• The skates should not be the adjustable type, as they are not very good for learning more technical figure skating moves.
  • Choose skates with good ankle support. Often the cheap skates with lots of decorations end up being very soft. They are therefore dangerous. Read reviews carefully.
  • Check to see if the child is comfortable. For sports or even as a hobby, you don’t want your child to suffer in an ill-fitting skate. Check if the padding is present, if it is enough for the child to feel good in it and if it is high density foam to protect their little feet.
  • And don’t forget to have the blades sharpened!

#5 – Learn the basics, but don’t pretend to be a trainer

Always let the child have fun before making it a regular activity. But as the child learns and explores the sport, you should also learn about it.

You can:

  • Read skating information to better understand your child’s movements so you can praise them more accurately
  • Learn to skate yourself – take a few lessons, adult lessons are super fun

However, don’t pretend to be a trainer. This creates frustration for both the child and the real trainer!

Also, I recommend that you don’t sit near the track. If parents are allowed to watch, you should sit away from the track so your child isn’t distracted by trying to solicit your approval.

And don’t forget to say thank you to the coach at the end of the season – see my gift ideas for figure skating/ice dancing coaches (coming soon).

#6 – Teach your child to take care of their skates

Whether they are young and beginners or experienced, all skaters and athletes must respect their equipment. This is something that must be taught from an early age.

You need to teach kids these essential skate care steps as they begin to take lessons and learn.

  • The child must wear plastic blade guards on his skates as soon as he leaves the ice. This helps protect the blade, as even a little damage can prevent it from skating properly (not included with rental skates, but as soon as you buy new ones you should get blade guards).
  • The child must learn to dry the blades well after each practice. This prevents the blades from rusting. You can make drying more fun by giving your child a personalized towel just for him. See my article on Figure Skating Blade Towels.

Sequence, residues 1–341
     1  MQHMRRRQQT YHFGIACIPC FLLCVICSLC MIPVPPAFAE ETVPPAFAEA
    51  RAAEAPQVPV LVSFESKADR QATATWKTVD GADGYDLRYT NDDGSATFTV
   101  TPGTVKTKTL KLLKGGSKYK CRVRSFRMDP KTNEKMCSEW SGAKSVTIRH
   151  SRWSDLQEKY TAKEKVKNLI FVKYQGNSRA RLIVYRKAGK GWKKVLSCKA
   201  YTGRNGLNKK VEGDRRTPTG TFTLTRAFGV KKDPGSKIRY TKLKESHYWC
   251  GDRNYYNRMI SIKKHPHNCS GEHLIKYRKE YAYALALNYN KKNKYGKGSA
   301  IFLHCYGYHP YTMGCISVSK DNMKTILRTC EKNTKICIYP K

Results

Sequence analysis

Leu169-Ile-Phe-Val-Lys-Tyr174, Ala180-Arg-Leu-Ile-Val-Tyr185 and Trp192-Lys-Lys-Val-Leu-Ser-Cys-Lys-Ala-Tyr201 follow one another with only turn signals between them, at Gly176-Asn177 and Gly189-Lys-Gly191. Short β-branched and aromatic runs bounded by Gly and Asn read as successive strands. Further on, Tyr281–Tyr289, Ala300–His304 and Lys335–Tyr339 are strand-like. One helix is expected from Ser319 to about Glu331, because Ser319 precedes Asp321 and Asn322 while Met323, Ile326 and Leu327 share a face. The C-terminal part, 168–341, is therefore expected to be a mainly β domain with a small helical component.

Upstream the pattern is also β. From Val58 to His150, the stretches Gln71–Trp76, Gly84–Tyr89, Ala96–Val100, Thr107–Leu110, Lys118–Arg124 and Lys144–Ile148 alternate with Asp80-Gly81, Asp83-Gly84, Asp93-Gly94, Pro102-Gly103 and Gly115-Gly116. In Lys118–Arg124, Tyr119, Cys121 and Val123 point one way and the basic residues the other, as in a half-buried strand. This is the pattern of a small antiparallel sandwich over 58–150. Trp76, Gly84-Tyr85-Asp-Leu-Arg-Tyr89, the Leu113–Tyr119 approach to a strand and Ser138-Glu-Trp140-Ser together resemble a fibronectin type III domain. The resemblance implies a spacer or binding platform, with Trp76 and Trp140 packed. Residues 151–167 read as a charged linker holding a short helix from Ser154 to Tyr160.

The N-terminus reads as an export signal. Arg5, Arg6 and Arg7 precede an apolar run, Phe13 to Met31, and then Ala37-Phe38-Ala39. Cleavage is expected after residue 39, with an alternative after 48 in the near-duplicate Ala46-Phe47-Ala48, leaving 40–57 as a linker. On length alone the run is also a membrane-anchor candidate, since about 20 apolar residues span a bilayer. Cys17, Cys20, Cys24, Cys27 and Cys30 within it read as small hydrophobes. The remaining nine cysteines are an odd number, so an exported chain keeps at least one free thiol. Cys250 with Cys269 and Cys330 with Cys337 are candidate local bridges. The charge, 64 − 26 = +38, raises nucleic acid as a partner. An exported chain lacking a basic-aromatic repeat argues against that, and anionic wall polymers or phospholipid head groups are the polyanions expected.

• The child should carry their skates in a bag with cloth blade guards to protect the blades, as moisture on the blades can damage them.
  • The child must remember to dry his skates as soon as he arrives home.

#7 – Make sure your child stays hydrated

For any sport, hydration is essential. Always have a bottle of water with you, as the activity can be taxing on the skater’s small body.

Sometimes, because it’s cold and the child isn’t going fast, you don’t realize the effort involved. But believe me, it’s a workout! You have to hydrate. This is essential in order to avoid injury .

#8 – Make sure your skater warms up and stretches

Warming up before and stretching after an activity should be automatic. We are not taught this enough.

Sport is all about muscle performance, and muscle performance can improve and injuries can be avoided if warm-up and stretching are done correctly.

Be sure to do some exercises with your child:

Warming up with

  • squats,
  • back rotation,
  • shoulder rotations,
  • Neck rotations

And especially stretching:

  • Thighs (there are a lot of ups and downs in ice skating)
  • Calves

#9 – Check Your Skater’s Feet

Ice skates can be uncomfortable if they sweat and create friction. It can also lead to blisters and foot pain.

Make sure you:

  • Check and care for blisters.
  • Change socks often and don’t always use the same ones.
  • Use seamless socks that go over the boot.
  • Check that the pads are properly adjusted.
  • Learn how to lace skates better.
  • Ask the child’s coach for advice.

#10 – Keep it fun! What to say and what not to say

Before being a sport, ice skating should be fun. Don’t be impatient and rush at the first fall.

Consider the following:

  • Let your child down. Most of the time, falls are more surprising than painful and are part of the learning curve. Encourage them to get up with a smile. Do not run to the child with a worried face.
  • Don’t congratulate them for not falling at all. It would put them to shame if they fell. Normalize the fall.
  • Ask and make sure they had fun
  • If the child whines a little Make up a story, make up a character and ask them to imagine if they felt like a penguin (for small children). But if it’s every time, it may be necessary to change sports.
  • Praise them for good movement/good control.
  • Never force them. Let them be. If they are not doing well even after a few sessions, maybe this sport is not for them. If not, it doesn’t matter.